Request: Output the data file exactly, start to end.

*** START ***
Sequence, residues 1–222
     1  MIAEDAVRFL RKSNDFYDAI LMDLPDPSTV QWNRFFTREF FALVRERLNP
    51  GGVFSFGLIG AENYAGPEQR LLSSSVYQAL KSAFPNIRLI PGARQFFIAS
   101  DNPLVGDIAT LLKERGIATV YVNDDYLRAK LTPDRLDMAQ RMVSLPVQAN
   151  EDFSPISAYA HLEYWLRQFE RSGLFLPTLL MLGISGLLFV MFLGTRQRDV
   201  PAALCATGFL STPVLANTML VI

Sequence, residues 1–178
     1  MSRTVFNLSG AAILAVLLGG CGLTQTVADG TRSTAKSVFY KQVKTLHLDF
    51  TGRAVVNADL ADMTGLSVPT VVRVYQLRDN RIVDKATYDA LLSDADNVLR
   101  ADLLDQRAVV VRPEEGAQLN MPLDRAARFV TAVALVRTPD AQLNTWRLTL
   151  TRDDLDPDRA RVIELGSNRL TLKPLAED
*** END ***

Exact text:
Sequence, residues 1–222
     1  MIAEDAVRFL RKSNDFYDAI LMDLPDPSTV QWNRFFTREF FALVRERLNP
    51  GGVFSFGLIG AENYAGPEQR LLSSSVYQAL KSAFPNIRLI PGARQFFIAS
   101  DNPLVGDIAT LLKERGIATV YVNDDYLRAK LTPDRLDMAQ RMVSLPVQAN
   151  EDFSPISAYA HLEYWLRQFE RSGLFLPTLL MLGISGLLFV MFLGTRQRDV
   201  PAALCATGFL STPVLANTML VI

Sequence, residues 1–178
     1  MSRTVFNLSG AAILAVLLGG CGLTQTVADG TRSTAKSVFY KQVKTLHLDF
    51  TGRAVVNADL ADMTGLSVPT VVRVYQLRDN RIVDKATYDA LLSDADNVLR
   101  ADLLDQRAVV VRPEEGAQLN MPLDRAARFV TAVALVRTPD AQLNTWRLTL
   151  TRDDLDPDRA RVIELGSNRL TLKPLAED